How memories help us connect with nature

 My eldest great niece, who’s six, was delighted with the children’s microscope I gave her for Christmas; we talked about all the things she could look at.

‘Do you remember when we looked at the beautiful lichens in Granny and Granddad’s garden last summer?’ I asked.

Her answer made my heart swell, ‘Oh yes! And sometimes I put it in the water to watch it grow!’

Of course, I was pleased that she remembered our nature afternoon, but especially that what stood out for her was when I showed the girls how lichen ‘blooms’ when it gets wet! We’d made a special nature memory, together.

Why memories are important 

There’s much research about what makes us happy now. Forget retail therapy and ‘stuff’, it’s all about positive experiences.  Remembering those special moments boosts our happiness levels, and, if we share the memories with others, our happiness factor is increased. Think about the feelings evoked looking at old photos with the family, or reminiscing about a happy event shared with a friend.

I realise from a very early age, most of my own special memories are focused on - nature.  No surprises there then! Some were unusual and exciting, but most are ordinary.  What’s important is that they were encounters and finds which gave me a thrill, and still make me happy today.

Our natural world faces so many threats; it needs our help and support now, more than ever. I hope my great nieces and nephews can grow up to make many more nature memories of their own.   I’ve made a list of mine, and I’m going to create some special journal posts to record and share some of them starting with….… 

The Cliff Top Bunny Rescue!

My parents took me on holiday to the beautiful South Devon Coast when I was about six. I especially loved our evening walks along the cliff paths, the smell of the sea, and a salty tang on the air. We all enjoyed watching the cliff top dwellers: a large warren of rabbits. They fed busily, amongst almond scented gorse, and windblown sea pinks; cropping the turf more expertly than any green keeper.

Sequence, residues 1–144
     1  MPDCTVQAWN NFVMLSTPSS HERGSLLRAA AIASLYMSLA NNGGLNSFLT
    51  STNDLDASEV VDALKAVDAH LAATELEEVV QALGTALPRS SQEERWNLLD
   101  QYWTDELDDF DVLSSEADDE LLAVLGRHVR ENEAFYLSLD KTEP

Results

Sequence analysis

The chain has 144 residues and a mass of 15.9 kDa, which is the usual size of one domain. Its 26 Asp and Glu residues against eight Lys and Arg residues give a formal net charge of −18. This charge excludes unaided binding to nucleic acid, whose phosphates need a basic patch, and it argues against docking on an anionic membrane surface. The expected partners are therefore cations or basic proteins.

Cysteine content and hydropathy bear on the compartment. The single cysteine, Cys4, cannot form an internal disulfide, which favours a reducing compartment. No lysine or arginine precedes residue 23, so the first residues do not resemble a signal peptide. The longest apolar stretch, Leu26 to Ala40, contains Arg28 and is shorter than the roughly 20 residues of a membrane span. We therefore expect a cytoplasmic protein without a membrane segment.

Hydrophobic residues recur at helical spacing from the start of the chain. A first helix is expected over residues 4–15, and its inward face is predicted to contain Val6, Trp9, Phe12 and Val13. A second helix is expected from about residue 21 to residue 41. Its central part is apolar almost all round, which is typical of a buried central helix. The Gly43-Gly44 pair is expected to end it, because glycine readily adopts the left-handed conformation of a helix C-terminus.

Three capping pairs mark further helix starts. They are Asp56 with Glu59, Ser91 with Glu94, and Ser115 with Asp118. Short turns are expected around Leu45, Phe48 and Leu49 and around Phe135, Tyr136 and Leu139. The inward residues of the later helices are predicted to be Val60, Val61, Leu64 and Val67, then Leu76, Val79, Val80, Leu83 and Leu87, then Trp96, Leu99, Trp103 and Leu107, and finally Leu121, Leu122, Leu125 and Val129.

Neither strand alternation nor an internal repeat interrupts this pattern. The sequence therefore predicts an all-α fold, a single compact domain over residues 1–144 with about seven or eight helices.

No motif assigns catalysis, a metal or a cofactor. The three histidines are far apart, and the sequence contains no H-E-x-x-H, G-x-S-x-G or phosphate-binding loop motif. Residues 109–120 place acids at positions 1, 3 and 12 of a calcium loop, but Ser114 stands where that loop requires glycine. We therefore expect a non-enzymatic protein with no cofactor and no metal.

On a cool and breezy June evening, just before dusk, we heard the cries of a herring gull. It was circling and diving around two youngsters who’d got separated from the main group, and had become an easy target. Dad shouted and waved his arms; the gull quickly disappeared, as did all the rabbits, except one of the little escapees. 

It had been badly pecked by the gull and was frozen in fear.    My father wrapped it up in mum’s scarf and we took it back to our holiday home. Now, I think, in reality, Dad probably thought the bunny wouldn’t make it, but, after a quiet night tucked up in a straw filled cardboard box, it was raring to go! We returned it to the scene of the crime.  It seemed none the worse for the adventure, and immediately began to munch happily with its extended family!  

So I’m afraid we did the gull out of a good meal, I do hope it didn’t have chicks to feed.  Where my father got the box and straw from I never found out, but …. even (ahem) many years later I can still sense it all so clearly.

Your life through nature

Remembering that story made me realise how much I took nature for granted when I was little, but also reminds me of the love my parents had for the natural world, and how they encouraged me. It was also my first real life encounter with wild creatures.

Why not tell your own tale?  Create a personal nature life story. You could share this with little ones (or even those who are not so little).   I’m using the hashtag #ourlivesthroughnature. I’d love you to join me if you share any of your own stories!

 Let’s think about our lives, though nature; remind ourselves why our natural world is so precious, and why we need to protect, and cherish it.